• So called run-flat tires are only marginally effective.
  • Wheels can turn the vehicle, but tracks can pivot the vehicle. Thus large wheeled vehicles (Stryker), have larger turn radiuses and inferior maneuverability.
  • Wheeled vehicles find it very difficult to surmount obstacles (such as barricades) that a tracked vehicle would easily climb over.
  • A wheeled vehicle is not really faster in field conditions when one takes into account the tracked vehicle's superior maneuverability and off-road performance.
  • Any advantages a wheeled vehicle has over steel tracked counterparts can be nullified by using new band-track ( and electric-drive technology.

See also: Tracks versus Wheels ( The Wheel Versus Track Dilemma (


In addition to generic criticisms from the choice of wheels over tracks, critics claim there are many flaws with the Stryker.

ICV and general complaints

  • A lack of amphibious ability, since there is no waterjet. Unlike tracks, wheels cannot swim without waterjets.
  • A original "Key Performance Factor" was for it to be air-transportable by C-130. Without any extra armor, the infantry variant scrapes by the doors. If it is empty, it is estimated the C-130 can carry it about 100 miles. It is too heavy to be carried in a combat-ready state.
  • It may be relatively quiet, but it is too big. (Here, one must be fair: It is actually smaller in its basic dimensions than a BTR-80.)
  • The design, even in its lighter "ICV" (APC) variant was already overweight compared to the original design weight (meant for a 1960s armored police car) due to additional armor. This extra weight not only degraded its strategic mobility, but also its reliability and stability.
  • The ICV weapons systems are not only light, but they lack stabilization (being pintle mounted), so the vehicle cannot shoot-on-the-move.
  • Cramped and gets very hot inside, but there is no air-conditioning, because it has been removed to save weight.
  • The armor still too light for RPGs, but additional armor would worsen the overweight problem of the vehicle.

MGS-specific criticisms

  • The C-130 cannot carry the heavier Mobile Gun System at all, thus totally failing the "Key Performance Factor" above.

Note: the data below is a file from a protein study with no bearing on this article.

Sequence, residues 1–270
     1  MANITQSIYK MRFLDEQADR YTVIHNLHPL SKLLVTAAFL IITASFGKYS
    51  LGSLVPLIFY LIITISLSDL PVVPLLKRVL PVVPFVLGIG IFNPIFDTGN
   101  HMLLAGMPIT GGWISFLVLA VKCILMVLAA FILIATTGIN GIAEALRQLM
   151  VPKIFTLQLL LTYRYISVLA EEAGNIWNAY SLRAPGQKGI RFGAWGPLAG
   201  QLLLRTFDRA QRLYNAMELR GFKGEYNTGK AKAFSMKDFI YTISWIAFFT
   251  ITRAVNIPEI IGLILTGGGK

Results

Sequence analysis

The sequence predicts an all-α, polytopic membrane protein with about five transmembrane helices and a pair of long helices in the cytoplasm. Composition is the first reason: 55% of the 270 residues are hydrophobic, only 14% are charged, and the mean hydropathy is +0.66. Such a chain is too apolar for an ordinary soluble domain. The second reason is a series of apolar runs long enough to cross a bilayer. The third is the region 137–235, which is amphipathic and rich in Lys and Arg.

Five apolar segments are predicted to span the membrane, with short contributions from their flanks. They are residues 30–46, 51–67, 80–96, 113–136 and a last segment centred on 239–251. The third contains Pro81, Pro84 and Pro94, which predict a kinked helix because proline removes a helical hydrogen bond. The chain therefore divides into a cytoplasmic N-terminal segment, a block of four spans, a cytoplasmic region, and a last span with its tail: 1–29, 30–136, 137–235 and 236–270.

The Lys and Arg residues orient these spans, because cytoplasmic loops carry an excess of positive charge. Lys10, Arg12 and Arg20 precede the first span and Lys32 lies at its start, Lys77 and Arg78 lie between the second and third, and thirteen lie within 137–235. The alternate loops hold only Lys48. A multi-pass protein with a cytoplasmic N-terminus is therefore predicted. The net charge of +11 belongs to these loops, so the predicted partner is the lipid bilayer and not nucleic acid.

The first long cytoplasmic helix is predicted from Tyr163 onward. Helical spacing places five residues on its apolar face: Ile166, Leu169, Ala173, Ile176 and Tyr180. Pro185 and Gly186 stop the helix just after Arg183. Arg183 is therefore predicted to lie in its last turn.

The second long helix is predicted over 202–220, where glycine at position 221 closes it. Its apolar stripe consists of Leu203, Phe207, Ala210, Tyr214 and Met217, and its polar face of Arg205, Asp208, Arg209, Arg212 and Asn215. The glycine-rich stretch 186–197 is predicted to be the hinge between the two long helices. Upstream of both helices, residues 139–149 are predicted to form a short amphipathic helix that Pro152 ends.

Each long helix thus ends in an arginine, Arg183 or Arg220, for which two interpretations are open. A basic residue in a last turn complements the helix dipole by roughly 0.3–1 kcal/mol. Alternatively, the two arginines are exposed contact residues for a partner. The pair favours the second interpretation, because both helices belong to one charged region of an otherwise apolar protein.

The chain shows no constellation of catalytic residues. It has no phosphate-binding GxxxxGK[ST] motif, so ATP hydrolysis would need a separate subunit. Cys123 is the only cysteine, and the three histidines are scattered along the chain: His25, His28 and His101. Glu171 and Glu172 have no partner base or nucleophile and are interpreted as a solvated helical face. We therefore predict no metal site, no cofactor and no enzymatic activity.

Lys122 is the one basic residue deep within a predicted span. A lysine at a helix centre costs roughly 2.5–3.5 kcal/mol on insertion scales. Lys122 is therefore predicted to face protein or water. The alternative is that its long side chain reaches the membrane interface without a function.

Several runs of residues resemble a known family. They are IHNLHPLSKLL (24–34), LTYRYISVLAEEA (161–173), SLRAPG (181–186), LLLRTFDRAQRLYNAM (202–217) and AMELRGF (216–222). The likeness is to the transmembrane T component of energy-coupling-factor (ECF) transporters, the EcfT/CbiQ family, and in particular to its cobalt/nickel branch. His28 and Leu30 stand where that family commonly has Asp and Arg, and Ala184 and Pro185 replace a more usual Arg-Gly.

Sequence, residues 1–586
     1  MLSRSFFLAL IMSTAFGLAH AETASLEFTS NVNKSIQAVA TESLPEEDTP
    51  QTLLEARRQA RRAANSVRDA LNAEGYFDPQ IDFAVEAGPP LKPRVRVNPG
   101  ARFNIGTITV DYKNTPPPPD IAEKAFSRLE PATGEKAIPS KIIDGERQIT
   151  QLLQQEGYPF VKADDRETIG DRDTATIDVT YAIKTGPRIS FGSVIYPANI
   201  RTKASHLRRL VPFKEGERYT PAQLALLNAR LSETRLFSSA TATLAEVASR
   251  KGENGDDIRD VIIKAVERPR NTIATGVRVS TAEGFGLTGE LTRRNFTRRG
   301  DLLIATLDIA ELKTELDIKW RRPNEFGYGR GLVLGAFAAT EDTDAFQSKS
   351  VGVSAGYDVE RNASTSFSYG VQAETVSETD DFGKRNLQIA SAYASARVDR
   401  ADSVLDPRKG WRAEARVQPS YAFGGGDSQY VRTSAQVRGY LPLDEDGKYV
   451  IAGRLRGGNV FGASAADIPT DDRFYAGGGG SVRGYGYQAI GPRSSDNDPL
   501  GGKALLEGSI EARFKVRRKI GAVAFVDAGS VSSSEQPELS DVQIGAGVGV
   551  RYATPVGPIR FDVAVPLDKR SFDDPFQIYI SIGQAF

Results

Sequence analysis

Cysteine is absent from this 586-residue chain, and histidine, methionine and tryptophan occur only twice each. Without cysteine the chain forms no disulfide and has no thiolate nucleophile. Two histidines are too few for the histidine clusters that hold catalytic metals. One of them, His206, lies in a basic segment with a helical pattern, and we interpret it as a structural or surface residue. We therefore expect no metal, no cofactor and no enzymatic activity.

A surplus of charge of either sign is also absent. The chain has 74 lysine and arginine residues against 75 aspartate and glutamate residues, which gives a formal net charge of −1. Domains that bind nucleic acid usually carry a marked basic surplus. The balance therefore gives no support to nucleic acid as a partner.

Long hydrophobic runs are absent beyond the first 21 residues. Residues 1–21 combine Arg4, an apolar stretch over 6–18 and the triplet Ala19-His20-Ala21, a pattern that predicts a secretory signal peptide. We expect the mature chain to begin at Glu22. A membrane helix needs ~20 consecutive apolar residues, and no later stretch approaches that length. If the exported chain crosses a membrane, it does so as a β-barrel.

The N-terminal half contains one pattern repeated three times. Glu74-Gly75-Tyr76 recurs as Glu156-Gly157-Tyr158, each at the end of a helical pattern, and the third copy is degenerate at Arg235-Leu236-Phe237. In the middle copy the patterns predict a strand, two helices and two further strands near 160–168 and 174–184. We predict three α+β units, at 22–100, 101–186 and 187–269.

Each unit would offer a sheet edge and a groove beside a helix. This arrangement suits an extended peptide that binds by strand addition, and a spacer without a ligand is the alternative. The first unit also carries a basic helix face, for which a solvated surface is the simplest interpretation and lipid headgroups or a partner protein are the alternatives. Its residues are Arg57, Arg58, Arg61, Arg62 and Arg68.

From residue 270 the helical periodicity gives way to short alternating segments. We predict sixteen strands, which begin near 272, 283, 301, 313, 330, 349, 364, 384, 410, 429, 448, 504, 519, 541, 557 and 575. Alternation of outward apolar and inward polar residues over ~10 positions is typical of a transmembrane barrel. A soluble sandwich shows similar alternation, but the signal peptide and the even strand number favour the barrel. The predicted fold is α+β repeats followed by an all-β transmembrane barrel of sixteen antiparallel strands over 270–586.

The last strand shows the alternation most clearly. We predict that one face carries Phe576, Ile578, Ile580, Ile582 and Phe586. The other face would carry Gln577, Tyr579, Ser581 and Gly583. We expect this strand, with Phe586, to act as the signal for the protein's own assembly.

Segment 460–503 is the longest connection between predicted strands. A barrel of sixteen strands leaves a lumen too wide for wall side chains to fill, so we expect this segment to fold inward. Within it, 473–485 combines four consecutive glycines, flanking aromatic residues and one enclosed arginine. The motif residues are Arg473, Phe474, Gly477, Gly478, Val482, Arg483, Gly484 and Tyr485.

• Instead of using a low pressure gun like the M8 (or the Russian 2S25), the Stryker MGS uses the M60's 105mm M68A1 cannon. This gun has far too much recoil for the Stryker's weight class.
  • Thus, they added a muzzle brake. Muzzle brakes reduce recoil at the cost of extra blast and noise. The noise level in tests approached 200dB. It is estimated that means a soldier cannot safely approach within 450m of a firing Stryker MGS. The blast debris was also extensive, forcing the crew to fight in the buttoned-up position.
  • Even with the muzzle brake, the recoil still damages the MGS' more delicate internals, such as night vision electronics, the lights, instrumentation and helmets worn by test dummies. Without the muzzle brake, the recoil mechanism is destroyed.
  • Unlike the M8 autoloader, the MGS autoloader apparently cannot reliably select the right type of round. It also has a carousel with half the capacity, reducing its battle endurance.
  • Crew spaces so cramped it accomodates less than 5% of the population.
  • Only 2-axles on a Stryker are equipped with run-flat tires. The MGS is too heavy to be supported on 2 axles.
  • No winch, thus no self-recovery
  • Various other ergonomic and survivability flaws.


According to a Washington Post article, the Stryker vehicle has some serious faults; e.g. the insufficient ability to carry additional armor for protection against rocket-propelled grenades. The 5,000 pounds armor that was added caused problems with the automatic tire pressure system, causing crews to check tire pressure three times a day. Other problems include:

  • The weapon system does not shoot accurately when the Stryker is moving.
  • Troops cannot fasten their seat belts when they are wearing bulky body armor. Several soldiers have already been killed inside their Stryker vehicles when they rolled over.
  • Computer systems for communications, intelligence and other systems have malfunctioned in the desert heat due to air conditioning problems.


  • Vehicles are faster than tracked vehicles
  • Vehicles are quiet in comparison to tanks.
  • Tires have run-flat designs, allowing mobility after damage.
  • Armor protects soldiers from bombs which destroy smaller vehicles such as Humvees.
  • Durability allows fast repair and redeployment.

Source: Star and Stripes (,13190,SS_111004_Stryker,00.html)

See also

External links

There's a disc jockey named Stryker from the Los Angeles, California radio station KROQ.


Academic Kids Menu

  • Art and Cultures
    • Art (
    • Architecture (
    • Cultures (
    • Music (
    • Musical Instruments (
  • Biographies (
  • Clipart (
  • Geography (
    • Countries of the World (
    • Maps (
    • Flags (
    • Continents (
  • History (
    • Ancient Civilizations (
    • Industrial Revolution (
    • Middle Ages (
    • Prehistory (
    • Renaissance (
    • Timelines (
    • United States (
    • Wars (
    • World History (
  • Human Body (
  • Mathematics (
  • Reference (
  • Science (
    • Animals (
    • Aviation (
    • Dinosaurs (
    • Earth (
    • Inventions (
    • Physical Science (
    • Plants (
    • Scientists (
  • Social Studies (
    • Anthropology (
    • Economics (
    • Government (
    • Religion (
    • Holidays (
  • Space and Astronomy
    • Solar System (
    • Planets (
  • Sports (
  • Timelines (
  • Weather (
  • US States (


  • Home Page (
  • Contact Us (

  • Clip Art (
Personal tools